The "Handbook of Political Communication Research" is a benchmark volume, defining the most important and significant thrusts of contemporary research and theory in political communication. Editor Lynda Lee Kaid brings together exemplary scholars to explore the current state of political communication research in each of its various facets. Reflecting the interdisciplinary nature of political communication scholarship, contributions represent research coming from communication, political science, journalism, and marketing disciplines, among others.
The "Handbook" demonstrates the broad scope of the political communication discipline and emphasizes theoretical overviews and research synthesis, with each chapter providing discussion of the major lines of research, theory, and findings for the area of concern. Chapters are organized into sections covering:
*The theoretical background, history, structure, and diversity of political communication;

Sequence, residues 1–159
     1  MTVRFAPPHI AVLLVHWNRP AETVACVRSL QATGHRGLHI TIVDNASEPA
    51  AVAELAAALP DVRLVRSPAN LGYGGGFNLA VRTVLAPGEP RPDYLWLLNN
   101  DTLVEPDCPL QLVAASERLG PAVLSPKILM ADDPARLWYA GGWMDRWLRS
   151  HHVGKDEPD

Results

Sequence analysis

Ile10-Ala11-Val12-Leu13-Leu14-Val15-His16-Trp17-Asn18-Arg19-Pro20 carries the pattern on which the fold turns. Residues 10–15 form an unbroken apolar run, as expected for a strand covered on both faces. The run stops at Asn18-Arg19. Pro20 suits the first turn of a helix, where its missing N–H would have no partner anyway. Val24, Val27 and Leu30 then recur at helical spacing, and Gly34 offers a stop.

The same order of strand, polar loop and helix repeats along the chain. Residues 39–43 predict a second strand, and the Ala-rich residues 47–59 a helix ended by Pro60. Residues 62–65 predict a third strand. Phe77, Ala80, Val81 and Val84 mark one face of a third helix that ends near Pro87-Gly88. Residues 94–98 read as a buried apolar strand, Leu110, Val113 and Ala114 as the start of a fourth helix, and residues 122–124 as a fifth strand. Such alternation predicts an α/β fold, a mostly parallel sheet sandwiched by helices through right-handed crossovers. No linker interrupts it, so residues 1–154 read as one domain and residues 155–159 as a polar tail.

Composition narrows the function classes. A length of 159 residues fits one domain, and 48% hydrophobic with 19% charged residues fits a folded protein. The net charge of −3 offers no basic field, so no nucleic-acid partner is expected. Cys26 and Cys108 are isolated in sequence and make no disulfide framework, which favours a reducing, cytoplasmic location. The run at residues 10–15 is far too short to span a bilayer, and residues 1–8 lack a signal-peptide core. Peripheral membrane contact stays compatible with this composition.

*Messages predominant in the study of political communication, ranging from classical rhetorical modes to political advertising and debates;
*News media coverage of politics, political issues, and political institutions;
*Public opinion and the audiences of political communication;
*European and Asian perspectives on political communication; and
*Trends in political communication study, including the Internet, and its role in changing the face of political communication.
As a comprehensive and thorough examination of the political communication discipline--the first in over two decades--this "Handbook" is a "must-have" resource for scholars and researchers in political communication, mass communication, and political science. It will also serve readers in public opinion, political psychology, and related areas.